Strive to have a work environment that people really love
You probably don’t hear from my side of the desk too often, but I’m an employer who has a question for you. Since you’re the one who speaks to candidates, maybe you can shed some light on our employment challenge.
First, we’ve been trying to hire for the past year, with very little success. We used to have way more applicants than we could handle. Now, the good applicants are few and far between.
Second, we’ve noticed a new trend with our existing employees. The salary and raise requests we’ve been getting more recently are surprising. People with just a few years of experience seem to think they deserve large salaries for jobs that we don’t feel justify the requests.
Is this the new economy? Do we blame Covid? What are you hearing from potential employees?
~ A frustrated business owner
Thanks for reaching out. Being an employer today is a challenging position to be in, and I applaud you for being one of the brave ones who takes the risk on behalf of others.
I’m not surprised by your question, as I’ve noticed the same thing.
You are right that the changed economy has a lot to do with both challenges you shared. Looking back at the last two years, we see a few major shifts. The minimum wage has risen, and the number of people on unemployment benefits due to Covid is greater than ever in American history — even greater than during the Great Depression. Many people have unfortunately been incentivized not to work at lower-paying jobs, as the unemployment benefits are often higher than the salaries they could be making.
This affects the attitude of many entry-level employees who are coming into the workforce during this time. They’re absorbing the message that despite lack of training or skill, they are desperately needed, giving them the upper hand at the negotiating table. Just a few years ago, I believe that those new to the job market approached potential positions with more appreciation and humility, recognizing that they were being offered an opportunity, and that they would have to prove themselves in order to move up in pay grade. As the economy shifts again, which it tends to do, these people may be in for a tough wake-up call as the supply of employees outweighs the demand, and they actually need to work for their roles.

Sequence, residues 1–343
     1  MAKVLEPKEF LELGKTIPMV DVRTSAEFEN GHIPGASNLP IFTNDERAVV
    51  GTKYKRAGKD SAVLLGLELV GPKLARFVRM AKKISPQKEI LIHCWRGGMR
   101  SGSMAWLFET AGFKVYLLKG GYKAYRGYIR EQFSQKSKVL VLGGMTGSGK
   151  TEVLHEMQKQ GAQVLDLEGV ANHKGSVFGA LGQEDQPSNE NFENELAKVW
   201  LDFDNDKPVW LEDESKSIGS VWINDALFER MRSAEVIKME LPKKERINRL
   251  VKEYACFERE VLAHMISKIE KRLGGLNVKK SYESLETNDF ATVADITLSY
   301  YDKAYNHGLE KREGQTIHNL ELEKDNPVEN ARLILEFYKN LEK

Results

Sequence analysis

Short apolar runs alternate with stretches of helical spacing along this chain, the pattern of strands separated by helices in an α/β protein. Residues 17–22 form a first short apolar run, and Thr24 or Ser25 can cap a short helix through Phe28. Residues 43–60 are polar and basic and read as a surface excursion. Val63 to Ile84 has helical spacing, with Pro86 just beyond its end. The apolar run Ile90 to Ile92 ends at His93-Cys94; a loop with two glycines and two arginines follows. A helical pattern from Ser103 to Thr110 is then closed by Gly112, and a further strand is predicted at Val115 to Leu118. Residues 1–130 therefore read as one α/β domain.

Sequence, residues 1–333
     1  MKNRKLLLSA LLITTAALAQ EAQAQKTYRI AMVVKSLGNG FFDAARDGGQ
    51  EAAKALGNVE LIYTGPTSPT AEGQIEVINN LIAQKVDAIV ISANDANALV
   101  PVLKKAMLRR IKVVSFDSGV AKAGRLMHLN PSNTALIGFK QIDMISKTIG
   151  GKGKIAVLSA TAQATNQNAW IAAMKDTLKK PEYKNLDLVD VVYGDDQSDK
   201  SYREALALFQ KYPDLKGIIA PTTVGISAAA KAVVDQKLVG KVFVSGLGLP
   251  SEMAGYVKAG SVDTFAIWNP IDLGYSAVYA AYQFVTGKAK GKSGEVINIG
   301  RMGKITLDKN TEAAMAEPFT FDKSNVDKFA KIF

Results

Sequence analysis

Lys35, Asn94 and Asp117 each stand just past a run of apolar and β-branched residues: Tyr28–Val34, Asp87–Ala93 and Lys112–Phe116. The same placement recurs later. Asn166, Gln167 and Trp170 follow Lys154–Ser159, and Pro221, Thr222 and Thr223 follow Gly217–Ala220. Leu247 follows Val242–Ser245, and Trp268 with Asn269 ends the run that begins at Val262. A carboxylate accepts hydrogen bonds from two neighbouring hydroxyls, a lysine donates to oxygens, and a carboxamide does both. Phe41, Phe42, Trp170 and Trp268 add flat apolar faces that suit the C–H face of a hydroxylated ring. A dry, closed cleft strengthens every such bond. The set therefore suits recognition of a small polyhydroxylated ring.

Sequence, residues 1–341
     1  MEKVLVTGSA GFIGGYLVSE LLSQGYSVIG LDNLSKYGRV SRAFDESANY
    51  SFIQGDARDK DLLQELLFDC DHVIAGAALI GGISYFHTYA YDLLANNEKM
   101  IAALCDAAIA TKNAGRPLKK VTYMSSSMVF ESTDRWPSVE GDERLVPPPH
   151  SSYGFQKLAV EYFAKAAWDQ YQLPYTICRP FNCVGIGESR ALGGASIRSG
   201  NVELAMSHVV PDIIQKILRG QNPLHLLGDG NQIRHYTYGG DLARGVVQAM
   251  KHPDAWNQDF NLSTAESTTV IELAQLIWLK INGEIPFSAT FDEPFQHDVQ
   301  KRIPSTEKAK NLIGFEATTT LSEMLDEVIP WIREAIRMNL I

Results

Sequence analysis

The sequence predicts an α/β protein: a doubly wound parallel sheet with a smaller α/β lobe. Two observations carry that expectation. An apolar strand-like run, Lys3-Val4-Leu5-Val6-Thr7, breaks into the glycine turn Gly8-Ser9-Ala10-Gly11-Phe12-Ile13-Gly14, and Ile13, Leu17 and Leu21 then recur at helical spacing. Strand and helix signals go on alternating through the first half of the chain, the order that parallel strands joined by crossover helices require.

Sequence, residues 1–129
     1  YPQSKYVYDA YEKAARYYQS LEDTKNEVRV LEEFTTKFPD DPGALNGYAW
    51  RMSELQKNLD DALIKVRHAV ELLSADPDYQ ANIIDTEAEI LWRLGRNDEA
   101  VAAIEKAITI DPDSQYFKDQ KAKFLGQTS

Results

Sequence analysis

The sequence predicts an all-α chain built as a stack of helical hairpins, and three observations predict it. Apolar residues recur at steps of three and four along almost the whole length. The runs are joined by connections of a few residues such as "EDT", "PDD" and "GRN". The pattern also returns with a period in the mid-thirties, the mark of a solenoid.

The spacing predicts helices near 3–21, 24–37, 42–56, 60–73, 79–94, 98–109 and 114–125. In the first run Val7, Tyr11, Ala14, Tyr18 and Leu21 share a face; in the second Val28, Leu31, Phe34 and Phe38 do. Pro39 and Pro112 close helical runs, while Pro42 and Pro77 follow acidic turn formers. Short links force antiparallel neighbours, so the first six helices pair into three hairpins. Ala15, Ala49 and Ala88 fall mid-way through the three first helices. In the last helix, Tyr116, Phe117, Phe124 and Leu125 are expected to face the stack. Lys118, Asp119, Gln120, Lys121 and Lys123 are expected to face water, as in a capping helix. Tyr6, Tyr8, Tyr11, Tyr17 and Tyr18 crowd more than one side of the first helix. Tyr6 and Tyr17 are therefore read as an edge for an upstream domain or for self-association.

Another trend that employers would do best to follow is the new attitude of younger employees. Millennials and Gen-Xers are thinking about the long-term career path that a job can prepare them for. As I often share with employees: A job needs to give you a lot more than a paycheck. It needs to give you “résumé-building’ training and experience that align with your long-term goals, and increase your value on the job market.
Also, keep in mind that employees view themselves and their careers as ever-evolving, knowing that job security isn’t what it used to be. According to the federal Bureau of Labor Standards, workers now change jobs on average every four years. Employees nowadays are more likely to recognize that it’s up to them to keep their skills up-to-date, or they risk becoming redundant. As an employer, it’s important for you to think from this perspective as well, considering how each role contributes to employees’ career development and progression. If you can show the long-term path for a specific role, you’re more likely to be able to fill that role.
Now to address your second question — let’s differentiate between market demands and outright blackmailing. Yes, prices have gone up, the economy has changed, and salary expectations have changed in accordance with that. But if you are aware of those new numbers, it’s up to you to keep the balance and ensure that employees are not taking advantage of your position. Being fair works both ways. Just like I believe employers shouldn’t take advantage of employees who aren’t aware of what the competition would pay, employees shouldn’t make requests that are beyond their value.
How to make sure you’re being fair? Very simply, by being aware of each employee’s market value — because they most likely are. As long as you’re aware of what a competitor can (and probably will) offer them for a similar position, and you’re paying what it’s worth, you’re good. At that point, if employees are simply trying to take advantage of your need by asking for unreasonable compensation, I’d let them know (or let them go).
Most importantly, you want to strive to have a work environment that people really love, so that as long as they are being paid their value, they’re not looking to leave. Or, in the words of Richard Branson: “Train people well enough so that they can leave, treat them well enough so they don’t want to.”
(Originally featured in Mishpacha, Issue 879)
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